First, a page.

UFC Fight Night 52 delivered in the wee hours of the morning. From the undercard to the main card, the card from the land of the rising sun gave fans of MMA action throughout.
The card was capped off by a heavyweight tilt between Mark Hunt and Roy Nelson.
It was everything people wanted it to be and more, complete with a walk-away KO from Hunt.
In the co-main event, Myles Jury announced himself as a legitimate contender in the lightweight division. He dispatched the former PRIDE champion in quick order by TKO. He looked phenomenal against a solid competitor.
Four more main card bouts were on the slate as well. UFC Fight Night 52 had a little bit of everything for the audience.
This is a look back at the fantastic card that came your way on early Saturday morning.
Mark Hunt vs. Roy Nelson
The two heavy-handed heavyweights had a tentative first round, but they got into a few exchanges. It was relatively even. They seemed to be trying to find their range in the opening five minutes more than anything else.
Nelson got a takedown early in the second, but Hunt was able to work back to his feet without issue. Nelson was able to open up more with his strikes, and Hunt appeared to slow down. Slow or not, Hunt still possesses big power and top-level technique. He utilized his counterpunching effectively to touch up Nelson as he pressed forward.
Finally, Hunt landed the uppercut that torched Nelson. The referee saved him from further punishment.
An outstanding KO.
Myles Jury vs. Takanori Gomi
If you were on the fence about Myles Jury, now you are not. He took out Gomi with ease in under a round.
Jury dropped Gomi, followed up with ground and pound and got the stoppage. Jury has silently built a good resume. There is little doubt he is a true contender in the lightweight division. Now it is time for the UFC to book him against a top-five fighter to build a challenger.
Yoshihiro Akiyama vs. Amir Sadollah
Two fighters coming off long layoffs is usually not a recipe for an exciting fight, but on Saturday it was.
Akiyama looked sharp in the first round, but Sadollah was not out of his depth. Sadollah has always been a crafty fighter who can stun his opposition in areas where they are stronger. Akiyama was not able to continually take him down for threat of a submission.
In the second round, Akiyama’s power came out. He rocked Sadollah on the feet and pounced. Sadollah covered up well to avoid getting stopped, but it was the biggest bit of offense in the fight to that point. The clean punches were enough to put the fight firmly in Akiyama’s favor.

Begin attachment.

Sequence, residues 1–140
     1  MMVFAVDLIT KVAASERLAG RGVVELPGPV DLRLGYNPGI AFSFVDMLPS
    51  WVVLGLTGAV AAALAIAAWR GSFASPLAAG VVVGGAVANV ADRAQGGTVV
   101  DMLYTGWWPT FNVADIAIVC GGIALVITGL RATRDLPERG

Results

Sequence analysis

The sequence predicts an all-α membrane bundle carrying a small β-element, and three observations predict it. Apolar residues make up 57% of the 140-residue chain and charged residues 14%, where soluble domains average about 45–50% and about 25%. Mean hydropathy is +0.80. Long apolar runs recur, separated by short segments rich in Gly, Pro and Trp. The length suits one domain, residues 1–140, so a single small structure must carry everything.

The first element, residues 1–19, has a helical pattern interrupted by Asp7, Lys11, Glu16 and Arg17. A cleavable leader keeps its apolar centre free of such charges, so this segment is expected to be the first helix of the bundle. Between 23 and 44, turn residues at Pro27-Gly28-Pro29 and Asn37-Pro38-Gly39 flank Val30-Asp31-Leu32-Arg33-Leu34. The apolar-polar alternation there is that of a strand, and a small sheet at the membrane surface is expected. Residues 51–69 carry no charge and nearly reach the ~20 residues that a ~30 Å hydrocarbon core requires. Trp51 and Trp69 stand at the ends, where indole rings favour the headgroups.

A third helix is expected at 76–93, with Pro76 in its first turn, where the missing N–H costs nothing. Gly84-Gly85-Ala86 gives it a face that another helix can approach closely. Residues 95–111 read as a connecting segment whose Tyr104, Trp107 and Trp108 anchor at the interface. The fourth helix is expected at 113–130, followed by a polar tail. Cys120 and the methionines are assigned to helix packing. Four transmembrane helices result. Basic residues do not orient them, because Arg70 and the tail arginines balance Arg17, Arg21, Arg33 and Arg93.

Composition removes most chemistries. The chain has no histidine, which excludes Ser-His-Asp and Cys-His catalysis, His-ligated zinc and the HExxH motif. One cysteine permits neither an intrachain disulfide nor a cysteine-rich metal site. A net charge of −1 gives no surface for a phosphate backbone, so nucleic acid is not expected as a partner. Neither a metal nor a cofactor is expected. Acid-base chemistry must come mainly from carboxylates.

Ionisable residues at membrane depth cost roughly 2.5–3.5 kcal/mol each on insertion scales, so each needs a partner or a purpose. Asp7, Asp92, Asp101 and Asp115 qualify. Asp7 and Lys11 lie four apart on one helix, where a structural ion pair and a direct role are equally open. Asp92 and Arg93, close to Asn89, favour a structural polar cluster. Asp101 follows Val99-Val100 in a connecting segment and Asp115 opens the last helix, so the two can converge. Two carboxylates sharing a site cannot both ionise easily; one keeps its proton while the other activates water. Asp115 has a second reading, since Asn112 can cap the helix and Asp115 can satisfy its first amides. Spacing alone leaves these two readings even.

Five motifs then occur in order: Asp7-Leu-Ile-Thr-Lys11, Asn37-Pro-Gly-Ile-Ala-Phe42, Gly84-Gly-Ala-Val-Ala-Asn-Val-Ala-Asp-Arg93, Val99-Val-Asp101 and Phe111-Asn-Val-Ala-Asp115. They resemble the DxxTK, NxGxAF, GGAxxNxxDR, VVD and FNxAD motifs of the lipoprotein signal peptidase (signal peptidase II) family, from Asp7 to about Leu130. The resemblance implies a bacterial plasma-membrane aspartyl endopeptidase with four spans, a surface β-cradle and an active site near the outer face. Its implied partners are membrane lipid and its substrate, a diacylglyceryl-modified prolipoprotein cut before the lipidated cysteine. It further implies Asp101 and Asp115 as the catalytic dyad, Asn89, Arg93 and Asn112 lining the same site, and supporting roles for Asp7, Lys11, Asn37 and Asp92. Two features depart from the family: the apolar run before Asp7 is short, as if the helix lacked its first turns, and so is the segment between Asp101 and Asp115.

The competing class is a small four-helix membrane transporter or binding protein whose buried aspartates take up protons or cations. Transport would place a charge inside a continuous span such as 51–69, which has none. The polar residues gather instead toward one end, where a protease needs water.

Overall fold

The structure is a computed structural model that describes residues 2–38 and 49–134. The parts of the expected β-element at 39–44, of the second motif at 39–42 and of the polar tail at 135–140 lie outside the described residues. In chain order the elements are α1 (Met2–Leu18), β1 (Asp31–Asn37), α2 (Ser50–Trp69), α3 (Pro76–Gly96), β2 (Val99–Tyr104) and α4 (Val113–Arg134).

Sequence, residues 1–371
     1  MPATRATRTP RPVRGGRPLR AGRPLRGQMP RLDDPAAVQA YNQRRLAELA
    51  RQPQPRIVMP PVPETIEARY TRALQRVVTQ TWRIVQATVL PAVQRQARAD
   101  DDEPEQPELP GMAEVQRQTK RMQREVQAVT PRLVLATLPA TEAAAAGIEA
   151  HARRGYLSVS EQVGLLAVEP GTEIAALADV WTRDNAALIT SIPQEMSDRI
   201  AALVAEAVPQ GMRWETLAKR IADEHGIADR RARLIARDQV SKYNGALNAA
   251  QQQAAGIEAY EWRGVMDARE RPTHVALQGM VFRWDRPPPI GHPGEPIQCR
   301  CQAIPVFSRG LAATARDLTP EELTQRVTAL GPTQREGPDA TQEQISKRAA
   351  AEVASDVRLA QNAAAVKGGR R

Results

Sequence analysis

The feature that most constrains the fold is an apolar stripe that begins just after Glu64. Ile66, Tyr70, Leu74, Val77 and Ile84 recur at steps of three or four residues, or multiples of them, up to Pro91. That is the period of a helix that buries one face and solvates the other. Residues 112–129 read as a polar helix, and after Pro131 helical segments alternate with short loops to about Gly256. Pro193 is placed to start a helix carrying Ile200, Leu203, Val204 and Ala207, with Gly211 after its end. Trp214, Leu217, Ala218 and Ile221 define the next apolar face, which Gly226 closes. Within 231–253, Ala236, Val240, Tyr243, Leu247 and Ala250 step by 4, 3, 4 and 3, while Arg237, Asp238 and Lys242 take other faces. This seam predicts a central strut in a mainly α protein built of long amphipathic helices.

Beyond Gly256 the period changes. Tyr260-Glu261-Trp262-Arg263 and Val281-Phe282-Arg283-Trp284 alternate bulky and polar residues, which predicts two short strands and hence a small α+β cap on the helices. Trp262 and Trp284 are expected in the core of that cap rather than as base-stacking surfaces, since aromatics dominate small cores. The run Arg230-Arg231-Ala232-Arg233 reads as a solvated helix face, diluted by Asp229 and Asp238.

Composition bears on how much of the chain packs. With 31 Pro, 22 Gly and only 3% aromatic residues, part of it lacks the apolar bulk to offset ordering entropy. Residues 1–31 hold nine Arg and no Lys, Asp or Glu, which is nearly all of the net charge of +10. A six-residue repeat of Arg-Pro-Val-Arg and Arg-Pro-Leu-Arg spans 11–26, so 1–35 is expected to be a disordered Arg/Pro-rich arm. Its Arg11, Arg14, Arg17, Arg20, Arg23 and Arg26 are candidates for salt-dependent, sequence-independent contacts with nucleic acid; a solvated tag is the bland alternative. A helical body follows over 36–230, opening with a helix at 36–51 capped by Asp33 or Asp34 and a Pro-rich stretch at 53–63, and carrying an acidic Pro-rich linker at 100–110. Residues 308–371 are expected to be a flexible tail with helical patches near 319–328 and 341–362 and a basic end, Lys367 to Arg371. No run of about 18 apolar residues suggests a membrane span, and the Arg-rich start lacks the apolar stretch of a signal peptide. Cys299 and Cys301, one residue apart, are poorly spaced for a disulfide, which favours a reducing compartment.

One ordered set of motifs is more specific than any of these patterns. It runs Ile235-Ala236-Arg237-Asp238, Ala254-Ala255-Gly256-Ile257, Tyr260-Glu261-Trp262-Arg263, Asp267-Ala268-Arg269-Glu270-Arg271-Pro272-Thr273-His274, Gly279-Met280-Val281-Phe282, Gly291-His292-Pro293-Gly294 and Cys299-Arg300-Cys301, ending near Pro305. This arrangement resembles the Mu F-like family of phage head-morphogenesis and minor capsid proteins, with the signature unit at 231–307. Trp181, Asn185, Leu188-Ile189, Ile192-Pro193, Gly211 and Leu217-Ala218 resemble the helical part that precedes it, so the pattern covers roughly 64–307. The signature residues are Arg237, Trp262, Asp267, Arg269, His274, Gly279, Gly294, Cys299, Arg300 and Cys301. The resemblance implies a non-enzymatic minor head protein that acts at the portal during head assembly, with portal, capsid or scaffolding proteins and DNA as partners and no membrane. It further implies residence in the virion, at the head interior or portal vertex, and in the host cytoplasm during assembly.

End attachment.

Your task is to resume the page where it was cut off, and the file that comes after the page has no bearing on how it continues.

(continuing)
Akiyama was in full control in the third frame and rode out the round until the judges rendered their decision. A solid return performance from Akiyama where he battered Sadollah the deeper the fight went.
Miesha Tate vs. Rin Nakai
Tate showed the difference between an elite bantamweight and a one with a padded record in the first round. It was dominance. In the second, however, she got into a bit of trouble by allowing Nakai to take her back. She was able to shrug her off and got into top position.
Once on top, she continued to show her superiority. She got tossed to the ground again in the third but was able to defend easily. Tate has some work to do to avoid these positions against more accomplished fighters, but she was never in any real danger.
This was a mismatch and it showed. A good win for Tate.
Kiichi Kunimoto vs. Richard Walsh
Walsh came out like a ball of fire. He hurt Kunimoto early, but the Japanese fighter was able to quickly recover. However, it wasn’t long until Walsh hurt Kunimoto again and busted him open. Kunimoto showed his toughness and stayed alive in the fight.
Walsh dared Kunimoto to strike him. He sensed he could get the finish, but Kunimoto was able to do enough grappling to survive the first round.
Kunimoto tried to get his grappling going in the second frame, but Walsh showcased outstanding takedown defense.
Kunimoto finally was able to do some successful grappling in the third. He got Walsh’s back, and locked in a body triangle to maintain position while seeking a submission. Unfortunately for Kunimoto, Walsh’s submission defense was on point.
In spite of that performance, the judges gave Kunimoto a split decision win. Highlighting, seemingly on every card, just how poor MMA judging is.
Kyoji Horiguchi vs. Jon Delos Reyes
Horiguchi took it to Reyes right out of the gate. Reyes looked to be a game opponent but when you get rocked the game plans go out the window.
Horiguchi stunned Reyes early, but he was unable to finish the fight. He hurt Reyes again later in the first round, and that time the referee was forced to step in to stop the bout. It was a big win for the Japanese fighter on home soil.
It was a fun way to kick off the main card after a stellar undercard that saw some fantastic fights excite the crowd.
- Mark Hunt defeated Roy Nelson by KO at 3:00 of the second round
- Myles Jury defeats Takanori Gomi by TKO at 1:32 of the first round
- Yoshihiro Akiyama defeats Amir Sadollah by unanimous decision (30-27, 30-27, 30-27)
- Miesha Tate defeats Rin Nakai by unanimous decision (29-28, 30-27, 30-27)
- Kiichi Kunimoto defeats Richard Walsh by split decision (29-28, 28-29, 29-28)
- Kyoji Horiguchi defeated Jon Delos Reyes by TKO at 3:48 of the first round
- Masanori Kanehara defeated Alex Caceres by unanimous decision (29-28, 29-28, 29-28)
- Katsunori Kikuno defeated Sam Sicilia via submission (rear naked choke) at 1:38 of the second round
- Hyun Gyu Lim defeated Takenori Sato by TKO at 1:18 of the first round
- Kyung Ho Kang defeated Michinori Tanaka by split decision (29-28, 28-29, 29-28)
- Johnny Case defeated Kazuki Tokudome via submission (guillotine choke) at 2:34 of the second round
- Maximo Blanco defeated Daniel Hooker by unanimous decision (29-28, 29-28, 29-28)
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Courtesy of :Bleacher Report – UFC